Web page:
Author + information
- Received May 25, 2009
- Revision received January 26, 2010
- Accepted February 15, 2010
- Published online October 5, 2010.
- John J.V. McMurray, MD⁎,⁎ (, )
- Peter Dunselman, MD, PhD†,
- Hans Wedel, PhD‡,
- John G.F. Cleland§,
- Magnus Lindberg, MCs∥,
- Åke Hjalmarson, MD, PhD¶,
- John Kjekshus, MD, PhD#,
- Finn Waagstein, MD, PhD¶,
- Eduard Apetrei, MD, PhD⁎⁎,
- Vivencio Barrios, MD, PhD††,
- Michael Böhm, MD, PhD‡‡,
- Gabriel Kamenský, MD, PhD§§,
- Michel Komajda, MD∥∥,
- Vyacheslav Mareev, MD, PhD¶¶,
- John Wikstrand, MD, PhD¶,
- CORONA Study Group
- ↵⁎Reprint requests and correspondence:
Prof. John J. V. McMurray, British Heart Foundation Cardiovascular Research Centre, University of Glasgow, 126 University Place, Glasgow G12 8TA, United Kingdom
Objectives The purpose of this study was to determine whether coenzyme Q10 is an independent predictor of prognosis in heart failure.
Background Blood and tissue concentrations of the essential cofactor coenzyme Q10 are decreased by statins, and this could be harmful in patients with heart failure.
Methods We measured serum coenzyme Q10 in 1,191 patients with ischemic systolic heart failure enrolled in CORONA (Controlled Rosuvastatin Multinational Study in Heart Failure) and related this to clinical outcomes.
Results Patients with lower coenzyme Q10 concentrations were older and had more advanced heart failure. Mortality was significantly higher among patients in the lowest compared to the highest coenzyme Q10 tertile in a univariate analysis (hazard ratio: 1.50, 95% confidence interval: 1.04 to 2.6, p = 0.03) but not in a multivariable analysis. Coenzyme Q10 was not an independent predictor of any other clinical outcome. Rosuvastatin reduced coenzyme Q10 but there was no interaction between coenzyme Q10 and the effect of rosuvastatin.
Conclusions Coenzyme Q10 is not an independent prognostic variable in heart failure. Rosuvastatin reduced coenzyme Q10, but even in patients with a low baseline coenzyme Q10, rosuvastatin treatment was not associated with a significantly worse outcome. (Controlled Rosuvastatin Multinational Study in Heart Failure [CORONA]; NCT00206310)
Coenzyme Q10 (ubiquinone) is a naturally occurring, lipid-soluble, quinone which, by acting as an electron transporter, is an essential cofactor in mitochondrial oxidative phosphorylation and generation of adenosine triphosphate (1,2). In its reduced form, coenzyme Q10 is also thought to act as a lipophilic antioxidant protecting cell membranes and lipoproteins in the circulation from oxidation (1–3). About one-half of coenzyme Q10 is ingested in dietary fat, and the remainder is synthesized endogenously through the mevalonate pathway, which is blocked by statins (1–3).
Coenzyme Q10 deficiency has been associated with myopathy, and there has been concern that statins might cause peripheral and cardiac muscle dysfunction by reducing coenzyme Q10 production (4,5). In theory, coenzyme Q10 depletion could lead to muscle energy starvation (a particular concern in the failing heart ) and oxidative damage to myocytes. These theoretical concerns have been coupled with the observation that low cholesterol is associated with a worse prognosis in heart failure (7), forming the basis of articles in the lay press and on the web that have suggested that statins might be dangerous in heart failure. In practice, however, the role of coenzyme Q10 in the effect of statins on muscle function (if any) is uncertain, as is the association between plasma coenzyme Q10 concentration and clinical outcomes in cardiovascular disease (8–18). In 1 recent study, however, low plasma coenzyme Q10 concentration was found to be an independent predictor of mortality in patients hospitalized with heart failure (18).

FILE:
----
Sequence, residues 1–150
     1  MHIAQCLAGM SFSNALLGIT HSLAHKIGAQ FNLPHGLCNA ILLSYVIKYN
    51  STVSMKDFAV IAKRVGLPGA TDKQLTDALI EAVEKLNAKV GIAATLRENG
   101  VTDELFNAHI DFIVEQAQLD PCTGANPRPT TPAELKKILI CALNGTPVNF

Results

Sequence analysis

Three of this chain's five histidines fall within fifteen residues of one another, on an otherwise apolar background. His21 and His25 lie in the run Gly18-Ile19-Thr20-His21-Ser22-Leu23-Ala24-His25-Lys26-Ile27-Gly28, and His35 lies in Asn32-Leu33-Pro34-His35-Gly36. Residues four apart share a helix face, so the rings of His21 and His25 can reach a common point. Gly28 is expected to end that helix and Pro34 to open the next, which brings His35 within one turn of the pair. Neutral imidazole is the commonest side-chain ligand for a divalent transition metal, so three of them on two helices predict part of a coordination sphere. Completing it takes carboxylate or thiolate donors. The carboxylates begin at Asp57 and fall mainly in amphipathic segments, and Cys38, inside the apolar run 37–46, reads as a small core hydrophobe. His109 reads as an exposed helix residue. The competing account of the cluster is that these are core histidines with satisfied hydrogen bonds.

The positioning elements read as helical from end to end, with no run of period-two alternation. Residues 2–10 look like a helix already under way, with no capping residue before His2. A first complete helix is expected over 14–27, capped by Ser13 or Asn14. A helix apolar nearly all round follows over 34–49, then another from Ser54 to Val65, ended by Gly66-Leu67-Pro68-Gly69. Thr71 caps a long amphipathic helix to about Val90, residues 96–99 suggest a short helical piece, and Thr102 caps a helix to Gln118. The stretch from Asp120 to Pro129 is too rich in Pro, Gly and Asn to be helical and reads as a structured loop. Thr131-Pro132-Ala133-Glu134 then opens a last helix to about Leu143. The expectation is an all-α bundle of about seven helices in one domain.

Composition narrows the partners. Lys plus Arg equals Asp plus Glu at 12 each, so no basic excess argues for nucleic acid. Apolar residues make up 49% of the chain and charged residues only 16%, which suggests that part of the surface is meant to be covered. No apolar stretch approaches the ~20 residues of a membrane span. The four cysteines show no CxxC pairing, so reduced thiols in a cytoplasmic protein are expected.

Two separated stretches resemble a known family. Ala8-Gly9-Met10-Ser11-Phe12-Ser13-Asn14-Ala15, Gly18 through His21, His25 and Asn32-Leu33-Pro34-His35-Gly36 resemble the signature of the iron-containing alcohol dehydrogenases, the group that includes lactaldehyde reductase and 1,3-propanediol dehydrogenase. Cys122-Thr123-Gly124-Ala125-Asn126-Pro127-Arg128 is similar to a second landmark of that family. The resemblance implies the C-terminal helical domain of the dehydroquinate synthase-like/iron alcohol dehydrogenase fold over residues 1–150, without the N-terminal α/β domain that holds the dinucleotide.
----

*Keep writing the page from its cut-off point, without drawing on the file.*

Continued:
Because of the concerns alluded to above, the U.S. Food and Drug Administration requested that we measure plasma coenzyme Q10 concentration in a subset of the patients with ischemic systolic heart failure enrolled in the CORONA (Controlled Rosuvastatin Multinational Study in Heart Failure) trial. In this pre-specified substudy, we investigated the effect of statin therapy on coenzyme Q10 concentration, as well as the relationship between coenzyme Q10 and fatal and nonfatal cardiovascular events (19,20).
The design and principal findings of the CORONA study have been reported in detail (19,20). Patients ≥60 years of age with chronic New York Heart Association (NYHA) functional class II to IV heart failure of investigator-reported ischemic etiology and a left ventricular ejection fraction (LVEF) of ≤40% (≤0.35 if NYHA functional class II) were eligible, provided that the investigator believed they did not need treatment with a cholesterol-lowering drug.
Exclusion criteria included recent cardiovascular events, procedures, or operations (or planned procedures or operations); acute or chronic liver disease or alanine aminotransferase >2 times the upper limit of normal (ULN); serum creatinine >220 μmol/l (>2.49 mg/dl); chronic muscle disease or unexplained creatine kinase >2.5 times ULN; thyroid-stimulating hormone >2 times ULN; or any other condition substantially reducing life expectancy.
The trial was approved by ethics committees of participating hospitals, and patients provided written informed consent. Patients were allocated, equally, to 10 mg of rosuvastatin or matching placebo, once daily. We measured serum creatinine, creatine kinase, thyroid-stimulating hormone, alanine aminotransferase, high-sensitivity C-reactive protein, and lipid/lipoproteins (total, low-density lipoprotein [LDL] cholesterol, high-density lipoprotein cholesterol, triglycerides, and apolipoprotein [apo] A-1 and B) at baseline in all 5,011 patients.
After the study started, the protocol was amended to include measurement of N-terminal pro–B-type natriuretic peptide (NT-proBNP), which was available in 3,664 (73%) patients. All measurements, except thyroid-stimulating hormone, were repeated at 3 months. In a pre-specified substudy, coenzyme Q10 was measured in 1,191 patients using a high-performance liquid chromatography method after extraction of serum into hexane and using vitamin K1 as an internal standard. The reference range is 0.34 to 2.54 μg/ml (0.39 to 2.94 μmol/l).